Jonny Appleseed Book Review
by Megan Parsons
Jonny Appleseed Book Review
Published Friday July 12, 2019
Written by Megan Parsons for Savant-Garde
Joshua Whitehead’s Jonny Appleseed is, at its core, a coming of age story centred on the life of Jonny, a Two-Spirit Indigiqueer cybersex worker, who moved from the reservation where he grew up to Winnipeg and his journey home after his step-father dies. Two-Spirit is an umbrella term describing an Indigenous person who identifies as a third gender (or as gender nonconforming). The novel is written in short non-linear chapters that read like diary entries and the chapter’s narrative shift between dreams, memories, and current events. The novel is less concerned about traditional plot and more concerned about the exploration of Jonny as a character. These stories’ main focus is Jonny’s relationships: his relationship with his childhood friend (and the love of his life) Tias, his close relationship with his kokum (grandmother), his complex relationship with his mother, his rocky relationship with his step father, his non-existent relationship with his biological father, and most importantly his relationship with his self. His relationship with his sexuality and his identity is the one constant in every chapter.
Photo from Arsenal Pulp Press
The novel walks the fine line between being both honest and empathetic on polarizing subjects such as gender expression, sex work, and Indigenous issues. Jonny’s sex work is neither romanticized nor shamed. The reader sees Jonny react with dingy to the sometimes scary men who disrespect his culture by asking him to dress in stereotypical Indigenous costumes but they also see him thoroughly enjoy expressing his sexuality with others. Jonny is written sympathetically but he is not without his flaws. His affair with Tias is one example of the kind of questionable things he does throughout the book. Jonny’s Indigenous identity is explored throughout the novel especially in memories of his childhood on the reservation. While these memories are sometimes sad there is an element of vibrancy in them that bring colour to the story. This nuanced characterization of Jonny adds depth to the novel.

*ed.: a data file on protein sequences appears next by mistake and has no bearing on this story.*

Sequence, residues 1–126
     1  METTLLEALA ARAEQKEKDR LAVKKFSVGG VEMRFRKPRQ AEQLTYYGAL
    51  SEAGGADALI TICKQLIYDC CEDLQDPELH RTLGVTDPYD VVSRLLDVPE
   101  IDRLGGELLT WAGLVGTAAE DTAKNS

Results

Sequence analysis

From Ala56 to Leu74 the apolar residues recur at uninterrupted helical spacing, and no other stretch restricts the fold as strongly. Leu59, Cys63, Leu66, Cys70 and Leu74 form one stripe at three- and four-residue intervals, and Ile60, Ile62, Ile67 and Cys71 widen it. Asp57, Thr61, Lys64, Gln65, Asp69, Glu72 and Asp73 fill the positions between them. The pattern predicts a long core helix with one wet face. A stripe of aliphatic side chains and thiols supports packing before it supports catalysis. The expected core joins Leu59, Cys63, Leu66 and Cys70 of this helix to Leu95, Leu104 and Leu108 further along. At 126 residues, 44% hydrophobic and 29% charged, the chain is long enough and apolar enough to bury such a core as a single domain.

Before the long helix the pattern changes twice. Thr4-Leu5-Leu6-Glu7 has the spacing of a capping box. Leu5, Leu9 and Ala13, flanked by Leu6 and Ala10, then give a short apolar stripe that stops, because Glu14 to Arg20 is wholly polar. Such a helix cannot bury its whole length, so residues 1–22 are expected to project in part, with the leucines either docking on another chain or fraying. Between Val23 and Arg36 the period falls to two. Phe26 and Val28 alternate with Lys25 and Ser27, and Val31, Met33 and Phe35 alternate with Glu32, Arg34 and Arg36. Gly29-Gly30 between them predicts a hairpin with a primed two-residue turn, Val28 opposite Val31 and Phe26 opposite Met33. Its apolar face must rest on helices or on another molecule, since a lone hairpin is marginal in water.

Whitehead’s history as a poet shines through in every line in the entire novel. At certain points I was taken aback by the poetic writing and found myself re-reading sentences in awe of them. An example of this poignancy is as simple as the line, “I am my own best medicine”. As a result of this style the novel does not have a directed plot and some may find this irritating. The openness of how Whitehead writes and his poetic language might bore some readers; if you are looking for the traditional hero’s journey this story is not for you. Additionally, since the narrative is so focused on Jonny’s life the other characters may seem one dimensional. I have no real problem with this because it captures the realness of real relationships. Often times we see others from one side and it makes many of the relationships in Jonny’s life ring true.
Overall, Jonny Appleseed tells an important story. Whether you are interested in contemporary stories or in more traditional ones I believe you will be missing out if you ignore this novel. I personally look forward to reading more of Whitehead’s work as well as other works by Indigenous writers in Canadian literature.